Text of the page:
Posts tagged "Vintage Black Glamour"
"Me at sixteen with prom date. My brother’s best friend, Milton!" ~ Vanessa Shaw submitted this photo to our #myVBG page at http://myvbg.com. The Vintage Black Glamour book (http://VBGbook.com) focuses mostly on artists and entertainers - but we never want to forget the legends in our own families! We are still accepting submissions to #myVBG where you have the chance to share the diva(s) or divo(s) in your family with the world. Feel free to upload your photos at http://myvbg.com/ - (please do not email me!) with his or her name, city, date/location of photo and a fun VBG-ish fact about them with the hashtag #myVBG and #vbgbook. Thank you! #vintageblackglamour #myvbg #vbgbook #vintage #prom #1960s #1960sfashion
Tony Orlando and Dawn: Tony Orlando, Telma Hopkins and Joyce Vincent Wilson in the early 1970s. Their best known hit was “Tie a Yellow Ribbon ‘Round the Ole Oak Tree” in 1973 and they starred in a short-lived variety show the next year on CBS. Telma Hopkins would go on to a successful acting career on various shows including, of course, “Family Matters.” Photo: Joel Brodsky/Corbis.
I am so saddened by the loss of the great Geoffrey Holder who died on Sunday at the age of 84. Please read the tribute/announcement by Leo Holder. Mr. Holder was born in Port-of-Spain, Trinidad on August 1, 1930 and danced with his brother Boscoe’s dance troupe as a child. He arrived in New York in 1952 at the invitation of the legendary choreographer, Agnes de Mille and, to pay his fare, he sold 20 of his paintings. He would go on to win a Guggenheim Fellowship for painting in 1957. A few years before, he was a principal dancer at the Metropolitan Opera Ballet and appeared on Broadway in Truman Capote’s “House of Flowers,” where he would meet Carmen de Lavallade, his wife of 59 years.
In 1975, Mr. Holder won two Tony Awards in the same evening for directing and choreographing the Broadway musical, “The Wiz.” He is best known to most for his film and commercial roles: as Baron Samedi in the 1973 James Bond film, “Live and Let Die” and of course, as the “Un-cola Man” in the ubiquitous 1970s 7-Up commercials and the 1992 film “Boomerang.” In this picture, Mr. Holder is sitting in front of one of his paintings, sometime in the 1960s. Photo: Bradley Smith/Corbis.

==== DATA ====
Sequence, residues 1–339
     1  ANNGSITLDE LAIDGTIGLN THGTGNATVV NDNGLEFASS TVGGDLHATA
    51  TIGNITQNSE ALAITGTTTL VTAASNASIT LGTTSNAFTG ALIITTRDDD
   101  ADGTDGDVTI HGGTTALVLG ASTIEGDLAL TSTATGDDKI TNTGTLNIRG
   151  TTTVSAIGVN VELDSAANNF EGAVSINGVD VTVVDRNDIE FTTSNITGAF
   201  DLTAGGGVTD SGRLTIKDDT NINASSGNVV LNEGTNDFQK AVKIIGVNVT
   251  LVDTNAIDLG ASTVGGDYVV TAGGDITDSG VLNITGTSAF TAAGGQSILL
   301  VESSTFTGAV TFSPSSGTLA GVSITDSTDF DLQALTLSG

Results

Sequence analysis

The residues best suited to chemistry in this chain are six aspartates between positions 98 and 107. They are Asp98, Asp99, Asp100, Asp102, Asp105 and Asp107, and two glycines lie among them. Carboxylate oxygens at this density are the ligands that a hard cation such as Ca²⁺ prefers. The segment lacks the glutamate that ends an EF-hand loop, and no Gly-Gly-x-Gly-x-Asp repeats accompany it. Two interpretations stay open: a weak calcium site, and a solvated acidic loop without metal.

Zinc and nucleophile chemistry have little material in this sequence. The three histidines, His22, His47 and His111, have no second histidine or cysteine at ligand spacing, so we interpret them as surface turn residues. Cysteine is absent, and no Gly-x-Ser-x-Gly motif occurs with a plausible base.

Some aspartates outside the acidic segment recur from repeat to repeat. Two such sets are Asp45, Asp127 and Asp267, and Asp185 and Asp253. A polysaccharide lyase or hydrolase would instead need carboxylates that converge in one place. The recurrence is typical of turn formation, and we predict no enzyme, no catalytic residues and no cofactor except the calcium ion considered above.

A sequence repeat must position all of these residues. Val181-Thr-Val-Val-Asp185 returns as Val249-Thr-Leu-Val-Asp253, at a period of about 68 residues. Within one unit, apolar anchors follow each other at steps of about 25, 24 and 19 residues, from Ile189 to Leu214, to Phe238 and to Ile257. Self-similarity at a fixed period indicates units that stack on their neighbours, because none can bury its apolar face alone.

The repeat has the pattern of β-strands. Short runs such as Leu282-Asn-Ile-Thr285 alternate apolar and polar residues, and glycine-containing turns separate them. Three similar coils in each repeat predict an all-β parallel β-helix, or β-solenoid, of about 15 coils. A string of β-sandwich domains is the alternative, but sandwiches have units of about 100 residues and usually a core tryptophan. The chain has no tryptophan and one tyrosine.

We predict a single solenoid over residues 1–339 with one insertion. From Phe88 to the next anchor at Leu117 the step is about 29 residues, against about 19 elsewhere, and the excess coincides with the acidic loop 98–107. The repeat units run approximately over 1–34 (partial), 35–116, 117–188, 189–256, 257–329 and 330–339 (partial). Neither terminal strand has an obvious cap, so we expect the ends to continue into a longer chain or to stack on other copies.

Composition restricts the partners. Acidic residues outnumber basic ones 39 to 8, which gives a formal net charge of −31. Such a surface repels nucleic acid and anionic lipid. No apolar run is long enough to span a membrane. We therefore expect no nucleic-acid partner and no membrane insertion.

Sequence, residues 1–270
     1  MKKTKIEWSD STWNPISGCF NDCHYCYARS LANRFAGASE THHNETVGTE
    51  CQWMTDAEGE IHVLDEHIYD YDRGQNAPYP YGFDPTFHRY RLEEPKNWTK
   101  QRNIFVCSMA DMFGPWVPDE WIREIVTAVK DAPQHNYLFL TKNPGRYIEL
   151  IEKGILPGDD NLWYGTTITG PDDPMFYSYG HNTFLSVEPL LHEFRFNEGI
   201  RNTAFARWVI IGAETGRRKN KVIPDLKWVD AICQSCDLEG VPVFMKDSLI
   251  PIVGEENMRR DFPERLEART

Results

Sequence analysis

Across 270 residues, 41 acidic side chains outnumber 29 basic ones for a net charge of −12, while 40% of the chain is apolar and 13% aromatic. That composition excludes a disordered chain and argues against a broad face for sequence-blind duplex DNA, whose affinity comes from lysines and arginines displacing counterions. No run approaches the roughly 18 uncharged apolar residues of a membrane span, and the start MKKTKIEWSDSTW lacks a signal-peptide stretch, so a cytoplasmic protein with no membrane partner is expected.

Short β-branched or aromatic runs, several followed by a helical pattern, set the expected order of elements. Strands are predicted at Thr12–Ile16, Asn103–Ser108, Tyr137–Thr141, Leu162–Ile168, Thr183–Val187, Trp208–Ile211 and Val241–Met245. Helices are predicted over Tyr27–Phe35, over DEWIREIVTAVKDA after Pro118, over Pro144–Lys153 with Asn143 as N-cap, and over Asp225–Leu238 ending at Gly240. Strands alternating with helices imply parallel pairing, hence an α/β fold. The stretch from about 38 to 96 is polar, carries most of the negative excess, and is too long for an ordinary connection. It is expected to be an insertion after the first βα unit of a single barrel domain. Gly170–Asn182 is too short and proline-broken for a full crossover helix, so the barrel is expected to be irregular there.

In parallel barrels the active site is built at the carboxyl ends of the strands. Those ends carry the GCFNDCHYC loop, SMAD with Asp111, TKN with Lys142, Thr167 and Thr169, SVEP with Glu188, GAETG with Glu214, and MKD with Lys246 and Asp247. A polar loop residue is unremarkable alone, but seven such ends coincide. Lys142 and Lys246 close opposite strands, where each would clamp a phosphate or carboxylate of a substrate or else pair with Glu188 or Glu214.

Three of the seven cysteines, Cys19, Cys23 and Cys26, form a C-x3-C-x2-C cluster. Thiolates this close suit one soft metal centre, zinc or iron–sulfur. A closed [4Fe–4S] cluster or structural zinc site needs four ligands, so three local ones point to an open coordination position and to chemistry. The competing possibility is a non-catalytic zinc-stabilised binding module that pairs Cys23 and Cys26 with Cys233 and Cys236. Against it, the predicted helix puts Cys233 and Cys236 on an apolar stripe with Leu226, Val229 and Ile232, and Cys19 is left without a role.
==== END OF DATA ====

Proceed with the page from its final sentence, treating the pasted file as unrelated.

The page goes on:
Diahann Carroll sits for a portrait by French singer Charles Aznavour on the Place Du Tertre in Montmartre, an artist meeting place in Paris on Sept. 13, 1972. They were filming “Cole Porter in Paris,” an NBC special that aired in January 1973. Photo: AP.
I thought I’d share one more picture from this extraordinary collection that will soon be featured in an exhibition in London. I think some of these fabulous vintage Black people, like boxing champion Peter Jackson, are worthy of their own movie. Where are you Idris Elba? Jamie Foxx? From The Guardian:
"Peter Jackson, December 2, 1889. Born in 1860 in St Croix, then the Danish West Indies, Jackson was a boxing champion who spent long periods of time touring Europe. In England, he staged the famous fight against Jem Smith at the Pelican Club in 1889. In 1888 he claimed the title of Australian heavyweight champion. Photo: Hulton Archive/Getty Images.
A member of the African Choir, London Stereoscopic Company, 1891. From The Guardian:
The African Choir were a group of young South African singers that toured Britain between 1891 and 1893. They were formed to raise funds for a Christian school in their home country and performed for Queen Victoria at Osborne House, a royal residence on the Isle of Wight. At some point during their stay, they visited the studio of the London Stereoscopic Company to have group and individual portraits made on plate-glass negatives. That long-lost series of photographs, unseen for 120 years, is the dramatic centrepiece of an illuminating new exhibition called Black Chronicles II.
Photo: Hulton Archive/Getty Images
Legendary Italian actress Gina Lollobrigida and the Platters including Zola Taylor in the 1950s. Photo: Galerie Verdeau.